Hannah Spiegel grew up around wineries in California and has a website/blog, Vino for Breakfast. Her Instagram account has approximately 13,400 followers.
“My whole thing is wanting to make [wine] casual and approachable,” says Spiegel. “I think there’s a lot of pretenses around the idea that wine has to be very formal… And I found the way to stand out is just to be very authentic and true to what it is that you want your brand to be.”
It’s also important to pay attention to what makes a winery unique.
“I think every winery and vineyard is known for different things,” says Morris. “Try your best to capture what looks/seems different about your location. If it’s a hillside vineyard, capture the elevation and mountain backdrop. If it’s a historic tasting room with gorgeous architecture, that’s your golden ticket.”
For wineries that look to stand out on social media, “make sure that your anchor point is a thing that is distinguishable as your vineyard or your property or your company,” says Daenitz. “And honestly, the thing that I advocate for most often is showing off a person, a single person, because that is the most unique thing of any company.”
The right cameras and equipment to use can be challenging.
Morris recommends “both Canon and Nikon point and shoots with auto focus for beginning photography. Both have good tech support and assistance if needed, and most of the basic models are easy to learn and small enough to travel with.”
“If you’re wanting to elevate beyond an entry-level camera, then you’ll want to start looking at a full-frame camera,” says Daenitz.
Daenitz uses the Canon EOS 6D Mark II on her professional shoots. It’s an “amazing” camera, she says. “It’s not cheap, but it’s also not as expensive as some of the other cameras on Canon’s line.”
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For beginners, she recommends the Canon Rebel series. “It’ll do everything that you need it to do,” says Daenitz. Prices vary, but you can get some models for a few hundred dollars, “which is cheap in the grand scheme of cameras,” she says.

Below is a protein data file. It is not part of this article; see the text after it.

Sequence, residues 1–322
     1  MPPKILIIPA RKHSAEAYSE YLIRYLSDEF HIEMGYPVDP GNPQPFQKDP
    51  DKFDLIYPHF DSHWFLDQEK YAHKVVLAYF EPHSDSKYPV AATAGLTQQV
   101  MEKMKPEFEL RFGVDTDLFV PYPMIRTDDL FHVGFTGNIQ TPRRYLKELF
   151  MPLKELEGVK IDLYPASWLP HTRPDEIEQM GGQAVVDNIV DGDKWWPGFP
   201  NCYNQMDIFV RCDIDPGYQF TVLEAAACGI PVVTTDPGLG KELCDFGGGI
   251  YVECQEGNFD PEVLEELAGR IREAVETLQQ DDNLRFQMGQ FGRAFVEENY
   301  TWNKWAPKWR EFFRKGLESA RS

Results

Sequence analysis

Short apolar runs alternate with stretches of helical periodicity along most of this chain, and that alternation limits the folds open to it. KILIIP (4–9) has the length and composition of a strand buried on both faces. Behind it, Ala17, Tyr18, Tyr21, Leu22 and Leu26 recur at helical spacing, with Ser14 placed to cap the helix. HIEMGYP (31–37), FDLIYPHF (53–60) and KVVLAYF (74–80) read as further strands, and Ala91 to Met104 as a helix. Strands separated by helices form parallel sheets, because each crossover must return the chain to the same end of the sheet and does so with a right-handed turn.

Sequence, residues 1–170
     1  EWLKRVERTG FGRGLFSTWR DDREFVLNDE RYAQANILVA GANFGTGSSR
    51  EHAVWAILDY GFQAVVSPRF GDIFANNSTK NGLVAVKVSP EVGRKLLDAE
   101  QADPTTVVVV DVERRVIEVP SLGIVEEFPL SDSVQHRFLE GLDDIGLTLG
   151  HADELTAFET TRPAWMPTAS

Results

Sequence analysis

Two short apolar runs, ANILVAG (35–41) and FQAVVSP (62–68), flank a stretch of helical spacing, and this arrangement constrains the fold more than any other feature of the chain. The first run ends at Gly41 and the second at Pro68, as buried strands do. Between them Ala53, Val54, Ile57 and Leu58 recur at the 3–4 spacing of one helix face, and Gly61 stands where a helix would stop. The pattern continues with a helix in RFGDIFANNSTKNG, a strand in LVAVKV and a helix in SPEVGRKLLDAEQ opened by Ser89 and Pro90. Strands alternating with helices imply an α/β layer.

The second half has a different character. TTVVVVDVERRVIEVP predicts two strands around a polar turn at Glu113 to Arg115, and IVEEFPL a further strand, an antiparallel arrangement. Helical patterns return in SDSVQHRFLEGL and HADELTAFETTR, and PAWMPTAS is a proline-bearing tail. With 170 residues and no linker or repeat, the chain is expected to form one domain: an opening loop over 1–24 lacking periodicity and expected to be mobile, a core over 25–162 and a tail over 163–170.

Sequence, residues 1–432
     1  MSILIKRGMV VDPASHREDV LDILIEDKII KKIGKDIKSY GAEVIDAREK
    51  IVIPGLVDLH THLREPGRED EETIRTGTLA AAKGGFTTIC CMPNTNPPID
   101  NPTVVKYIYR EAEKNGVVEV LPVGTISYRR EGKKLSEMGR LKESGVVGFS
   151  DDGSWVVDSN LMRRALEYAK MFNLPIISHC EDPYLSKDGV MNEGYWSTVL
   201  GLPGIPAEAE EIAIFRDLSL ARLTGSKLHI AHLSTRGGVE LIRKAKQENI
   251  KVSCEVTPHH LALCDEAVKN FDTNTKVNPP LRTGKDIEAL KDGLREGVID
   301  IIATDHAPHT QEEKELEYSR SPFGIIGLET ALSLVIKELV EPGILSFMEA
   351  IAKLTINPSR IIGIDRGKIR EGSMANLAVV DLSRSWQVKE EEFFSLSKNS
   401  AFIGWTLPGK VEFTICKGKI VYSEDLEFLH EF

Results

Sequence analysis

Burgess and Spiegel shoot and edit photos on their iPhones. Adobe Lightroom is free to download on your phone. And Spiegel finds that she can use the free features on most photo editing apps.
“Adobe Lightroom is a great program to be able to adjust lighting, hue [and] all types of things,” says Burgess. “And then one. thing I’ve been playing with recently is Prisma, a program where you can make artwork out of any of your photos.”
Morris recommends quality apps over most filters. “Free or cheap apps like Snapseed and Afterlight offer color balance, sharpening and healing tools that are aesthetically preferable to the unrealistic look of heavy filters, like those offered through Instagram.”
If you want to use Lightroom on your computer, Adobe subscriptions start at $10 a month, which will also include Photoshop.
But the secret to getting great photos? Practice.
“The more you take photos, the more practice you get [and] the better you get at it,” says Daenitz.